“To love at all is to be vulnerable. Love anything and your heart will be wrung and possibly broken. If you want to make sure of keeping it intact you must give it to no one, not even an animal….Lock it up safe in the casket or coffin of your selfishness. But in that casket, safe, dark, motionless, airless, it will change.” ― C.S. Lewis, The Four Loves

My heart was well armored, plated in iron and steel. “No one will wound me again,” I vowed. My first love, who I thought the sun circled around, was choosing another. At the tender age of 13, I knew little else to do than protect myself. It took the form of looking past men, so I could see neither their disinterest nor their admiration. My ruler to measure men was harsh, exacting, and unkind. I was dismissive of interested parties and likely caused unknown wounds. My assumption was that men are callous and unfeeling, so I could be the same. I was a well-armored woman.

It was a lonely and ambivalent place. My heart longed for deep love and companionship. Chick flicks touched a place of tenderness and longing. To have a man hold me in his arms and want me felt like a fairy tale, yet who wants to live longing for fiction?  So, I hardened myself. I spent a long two decades of hoping and hardening.

Many of my dearest friends wed during this season. I stood by their side, witnessing vows of love, faithfulness, and hope. Yet, my own hope felt dangerous after countless dates failed. My strength and ambition seemed to overwhelm many men while my beauty and character seemed insufficient to captivate a man. I was too much and not enough all at the same time.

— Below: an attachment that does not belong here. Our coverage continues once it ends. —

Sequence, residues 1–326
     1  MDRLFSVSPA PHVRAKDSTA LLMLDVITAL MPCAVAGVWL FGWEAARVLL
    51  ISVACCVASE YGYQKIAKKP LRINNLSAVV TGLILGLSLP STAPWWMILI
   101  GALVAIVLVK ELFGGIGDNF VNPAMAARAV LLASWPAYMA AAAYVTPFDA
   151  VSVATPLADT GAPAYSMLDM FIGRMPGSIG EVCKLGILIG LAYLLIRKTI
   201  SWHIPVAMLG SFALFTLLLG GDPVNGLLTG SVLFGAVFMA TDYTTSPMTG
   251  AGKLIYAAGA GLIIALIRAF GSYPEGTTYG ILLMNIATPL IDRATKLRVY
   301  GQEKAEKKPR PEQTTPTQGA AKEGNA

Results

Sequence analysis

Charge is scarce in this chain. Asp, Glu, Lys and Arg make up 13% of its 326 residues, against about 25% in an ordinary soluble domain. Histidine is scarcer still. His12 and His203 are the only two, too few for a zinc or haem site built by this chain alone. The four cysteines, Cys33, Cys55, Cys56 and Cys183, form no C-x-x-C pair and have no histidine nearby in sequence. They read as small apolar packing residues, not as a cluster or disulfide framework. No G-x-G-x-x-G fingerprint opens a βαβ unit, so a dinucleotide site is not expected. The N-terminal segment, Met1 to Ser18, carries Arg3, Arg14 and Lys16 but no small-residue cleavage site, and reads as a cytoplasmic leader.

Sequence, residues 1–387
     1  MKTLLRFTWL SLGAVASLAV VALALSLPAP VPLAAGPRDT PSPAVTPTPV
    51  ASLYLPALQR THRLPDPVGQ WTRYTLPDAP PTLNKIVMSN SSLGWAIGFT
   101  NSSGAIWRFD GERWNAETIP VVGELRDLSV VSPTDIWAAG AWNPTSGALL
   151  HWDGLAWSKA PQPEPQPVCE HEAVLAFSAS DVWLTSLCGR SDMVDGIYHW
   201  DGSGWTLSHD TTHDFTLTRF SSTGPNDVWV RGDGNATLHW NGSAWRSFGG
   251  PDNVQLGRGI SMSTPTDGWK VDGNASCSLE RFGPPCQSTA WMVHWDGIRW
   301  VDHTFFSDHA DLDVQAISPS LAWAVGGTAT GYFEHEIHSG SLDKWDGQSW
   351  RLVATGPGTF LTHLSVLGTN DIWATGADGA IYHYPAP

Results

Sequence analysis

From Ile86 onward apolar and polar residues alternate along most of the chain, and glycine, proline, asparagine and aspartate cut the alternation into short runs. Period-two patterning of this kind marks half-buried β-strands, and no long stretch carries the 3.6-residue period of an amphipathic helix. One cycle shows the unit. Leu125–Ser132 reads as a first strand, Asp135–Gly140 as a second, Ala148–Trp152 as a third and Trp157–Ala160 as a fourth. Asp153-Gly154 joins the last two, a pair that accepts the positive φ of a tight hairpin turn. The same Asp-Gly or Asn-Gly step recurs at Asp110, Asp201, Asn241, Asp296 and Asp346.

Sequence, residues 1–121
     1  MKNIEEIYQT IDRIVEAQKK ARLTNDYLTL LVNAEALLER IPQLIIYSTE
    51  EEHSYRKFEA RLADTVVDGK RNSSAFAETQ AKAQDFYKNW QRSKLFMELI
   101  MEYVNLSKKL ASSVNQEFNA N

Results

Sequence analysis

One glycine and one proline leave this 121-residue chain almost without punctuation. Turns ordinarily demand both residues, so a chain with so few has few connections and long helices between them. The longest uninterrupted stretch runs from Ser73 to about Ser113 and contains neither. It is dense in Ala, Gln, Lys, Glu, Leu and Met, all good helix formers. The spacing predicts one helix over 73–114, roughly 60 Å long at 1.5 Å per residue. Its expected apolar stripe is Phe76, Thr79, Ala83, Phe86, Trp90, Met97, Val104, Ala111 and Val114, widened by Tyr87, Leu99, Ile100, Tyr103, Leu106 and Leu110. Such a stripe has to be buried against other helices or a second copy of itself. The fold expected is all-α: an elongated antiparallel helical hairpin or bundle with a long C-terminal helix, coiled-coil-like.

To cling to God’s faithfulness felt like the promise of a feast while hunger gnawed at my stomach.

Would celebration and satiation come? Would He show Himself and provide?

My friends were often faithful when I had lost hope. They continued to walk with me in all the questions and frustration. They cheered me when rejection came, when my felt worth plummeted. They continued to pursue friendship in the midst of our differing life paths. They offered a home when I did not have one. They prayed and pleaded of the Lord when I barely had words left for Him.

In this desert a dear friend offered to serve as my life coach. I took stock of my life and found that it was well rounded, and I was relatively content…except for my abysmal romantic life.  There had been a series of bad dates, encounters that made me glad to be single! As a highly controlled and armored woman, I was invited to take the risk of vulnerability and offer kindness to men. It felt dangerous and a little foolish. When triggered, I was invited to step out of my insecurity, hurt, and contempt. It felt like carefully stepping out of my well-worn armor and laying down my weapons. It was vulnerable and freeing. I was learning to offer kindness when my instincts told me to run. It was in that place I learned to love.

Aimee is an Asian American physician, recently married to the love of her life.  She loves deep, honest conversation, being silly with her husband and pondering God’s presence in this broken world.  She is honored to contribute to Red Tent Living, but requests anonymity in respect for her personal and professional privacy. b